We received copies of Matthew Delmont’s Half American: The Epic Story of African Americans Fighting World War II at Home and Abroad and are beginning our social studies department reading group around this book. It has been a great resource so far presenting perspectives that are often overlooked in the larger narrative about WWII. It has been influential in thinking about the resources we choose to put in front of students.
The introduction brought up an interesting point when discussing Saving Private Ryan. The opening scene of that movie is commonly used throughout history classes that discuss D-Day and World War II, but the intro brings up an interesting point and makes us reconsider the resources we use and who is centered and who is left out.
As we continue our discussions around this topic we will strengthen our content knowledge around the topic of World War II and more specifically United States and African American involvement in World War II. This book will be a valuable resource in our unit on World War II which is covered in 10th and 11th grade. It will also be helpful when thinking about the resources we choose for other topics to try and think about which stories we leave out.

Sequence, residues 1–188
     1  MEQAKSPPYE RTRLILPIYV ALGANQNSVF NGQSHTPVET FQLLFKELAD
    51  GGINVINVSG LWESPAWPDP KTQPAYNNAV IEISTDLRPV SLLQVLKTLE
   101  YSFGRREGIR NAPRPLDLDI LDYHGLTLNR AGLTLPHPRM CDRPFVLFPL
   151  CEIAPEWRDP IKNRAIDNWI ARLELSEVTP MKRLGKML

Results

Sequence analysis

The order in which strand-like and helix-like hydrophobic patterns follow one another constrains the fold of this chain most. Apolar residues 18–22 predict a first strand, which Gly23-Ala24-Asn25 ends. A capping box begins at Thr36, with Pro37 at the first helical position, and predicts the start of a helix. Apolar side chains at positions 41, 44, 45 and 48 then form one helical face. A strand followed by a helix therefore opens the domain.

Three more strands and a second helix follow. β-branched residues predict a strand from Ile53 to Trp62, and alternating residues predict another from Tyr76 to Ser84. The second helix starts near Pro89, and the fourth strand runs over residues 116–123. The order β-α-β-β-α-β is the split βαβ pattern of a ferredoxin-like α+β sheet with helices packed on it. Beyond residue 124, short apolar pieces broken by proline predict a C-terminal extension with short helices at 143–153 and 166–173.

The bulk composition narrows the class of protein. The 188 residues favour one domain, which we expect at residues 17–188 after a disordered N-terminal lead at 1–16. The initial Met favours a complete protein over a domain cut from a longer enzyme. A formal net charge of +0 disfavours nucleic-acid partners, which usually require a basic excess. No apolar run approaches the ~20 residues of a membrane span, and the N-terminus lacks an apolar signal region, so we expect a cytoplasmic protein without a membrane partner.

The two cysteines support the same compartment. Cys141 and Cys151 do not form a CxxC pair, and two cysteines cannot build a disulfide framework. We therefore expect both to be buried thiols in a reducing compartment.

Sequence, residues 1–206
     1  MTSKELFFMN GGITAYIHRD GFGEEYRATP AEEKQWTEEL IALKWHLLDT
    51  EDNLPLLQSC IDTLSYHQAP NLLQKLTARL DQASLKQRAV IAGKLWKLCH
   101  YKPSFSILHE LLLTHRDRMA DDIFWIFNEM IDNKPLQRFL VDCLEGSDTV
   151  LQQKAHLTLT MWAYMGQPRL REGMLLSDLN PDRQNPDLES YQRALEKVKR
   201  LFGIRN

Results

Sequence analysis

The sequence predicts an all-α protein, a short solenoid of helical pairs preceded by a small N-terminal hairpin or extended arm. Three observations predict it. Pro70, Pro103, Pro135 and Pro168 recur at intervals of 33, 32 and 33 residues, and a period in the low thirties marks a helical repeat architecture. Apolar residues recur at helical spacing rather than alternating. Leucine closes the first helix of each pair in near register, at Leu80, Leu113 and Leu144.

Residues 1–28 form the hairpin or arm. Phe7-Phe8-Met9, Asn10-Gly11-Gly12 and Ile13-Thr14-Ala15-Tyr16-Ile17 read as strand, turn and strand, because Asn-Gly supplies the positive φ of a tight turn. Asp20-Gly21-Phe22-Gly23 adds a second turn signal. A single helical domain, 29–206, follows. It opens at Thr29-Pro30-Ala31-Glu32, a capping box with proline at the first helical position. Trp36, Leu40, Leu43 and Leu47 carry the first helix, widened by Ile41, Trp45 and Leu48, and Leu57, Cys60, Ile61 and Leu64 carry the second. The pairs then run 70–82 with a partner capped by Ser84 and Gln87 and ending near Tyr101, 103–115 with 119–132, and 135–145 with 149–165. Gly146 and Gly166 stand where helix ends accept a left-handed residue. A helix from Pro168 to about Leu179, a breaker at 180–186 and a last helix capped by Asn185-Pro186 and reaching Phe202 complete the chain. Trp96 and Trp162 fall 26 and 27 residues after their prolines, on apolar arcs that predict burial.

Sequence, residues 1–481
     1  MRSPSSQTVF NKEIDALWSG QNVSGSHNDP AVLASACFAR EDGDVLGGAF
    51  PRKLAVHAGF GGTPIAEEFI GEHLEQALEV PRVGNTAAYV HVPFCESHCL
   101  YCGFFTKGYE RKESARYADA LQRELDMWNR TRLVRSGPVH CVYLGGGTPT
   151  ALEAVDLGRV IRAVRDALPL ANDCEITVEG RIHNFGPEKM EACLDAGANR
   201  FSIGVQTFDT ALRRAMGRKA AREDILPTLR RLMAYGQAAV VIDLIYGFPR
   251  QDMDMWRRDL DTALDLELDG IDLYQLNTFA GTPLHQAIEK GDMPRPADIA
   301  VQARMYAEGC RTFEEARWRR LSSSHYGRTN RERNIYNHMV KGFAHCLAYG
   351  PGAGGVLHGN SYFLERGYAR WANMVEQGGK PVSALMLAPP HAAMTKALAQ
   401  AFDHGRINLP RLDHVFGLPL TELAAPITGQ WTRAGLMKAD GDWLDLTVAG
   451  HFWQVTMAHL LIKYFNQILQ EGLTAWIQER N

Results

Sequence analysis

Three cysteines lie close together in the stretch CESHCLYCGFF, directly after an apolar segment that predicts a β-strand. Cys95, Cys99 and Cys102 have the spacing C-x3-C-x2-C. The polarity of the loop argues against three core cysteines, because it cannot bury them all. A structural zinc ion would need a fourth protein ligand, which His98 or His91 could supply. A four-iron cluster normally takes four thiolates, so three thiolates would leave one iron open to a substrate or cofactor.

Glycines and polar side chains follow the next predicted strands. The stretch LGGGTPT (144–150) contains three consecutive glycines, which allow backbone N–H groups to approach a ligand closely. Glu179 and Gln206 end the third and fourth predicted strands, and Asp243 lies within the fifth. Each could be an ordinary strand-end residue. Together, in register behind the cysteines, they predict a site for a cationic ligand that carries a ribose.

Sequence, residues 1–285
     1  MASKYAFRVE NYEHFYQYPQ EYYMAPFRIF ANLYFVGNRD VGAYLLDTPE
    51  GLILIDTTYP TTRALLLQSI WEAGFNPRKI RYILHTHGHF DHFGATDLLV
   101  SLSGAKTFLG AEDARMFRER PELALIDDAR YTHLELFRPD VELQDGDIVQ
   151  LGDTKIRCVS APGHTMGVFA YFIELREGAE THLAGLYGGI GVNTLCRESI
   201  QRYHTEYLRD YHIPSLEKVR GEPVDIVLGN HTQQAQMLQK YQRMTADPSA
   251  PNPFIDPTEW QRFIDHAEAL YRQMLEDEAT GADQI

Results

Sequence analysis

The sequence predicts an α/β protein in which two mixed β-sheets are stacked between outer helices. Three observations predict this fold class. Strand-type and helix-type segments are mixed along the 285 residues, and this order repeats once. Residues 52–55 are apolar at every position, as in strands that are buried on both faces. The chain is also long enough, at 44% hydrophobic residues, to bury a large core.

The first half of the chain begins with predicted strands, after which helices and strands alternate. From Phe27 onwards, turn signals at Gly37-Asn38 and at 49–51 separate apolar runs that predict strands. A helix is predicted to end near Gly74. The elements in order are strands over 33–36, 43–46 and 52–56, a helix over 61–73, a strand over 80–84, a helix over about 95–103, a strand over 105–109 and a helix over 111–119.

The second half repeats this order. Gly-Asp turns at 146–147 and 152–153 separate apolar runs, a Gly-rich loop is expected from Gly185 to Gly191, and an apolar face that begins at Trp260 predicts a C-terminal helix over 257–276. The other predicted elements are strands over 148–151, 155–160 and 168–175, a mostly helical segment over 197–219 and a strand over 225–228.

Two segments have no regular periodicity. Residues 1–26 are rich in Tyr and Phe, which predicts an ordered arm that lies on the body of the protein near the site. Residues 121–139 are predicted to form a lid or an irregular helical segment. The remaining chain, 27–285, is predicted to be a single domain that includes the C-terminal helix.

Talking of perfect timing, this arrived today, and I am in the midst of teaching WWII. Thank you, @ZinnEdProject, for helping me teach my students. I have another book to add to my class collection of teaching about WWI and WWII. #TeachTruth #BHM2022 pic.twitter.com/LFDfO1qcQM
— Valencia Abbott (@vannabbott) November 8, 2022
In my U.S. History class I teach a lesson about the African American experience in WWII using primary sources. Students read the James Thompson editorial “Should I Sacrifice to Live Half American?” from the Pittsburg Courier and the Double V campaign. Students later consider Executive Order 9981, which desegregated the military, and write their own editorial like James Thompson about racial equality in America and in the military.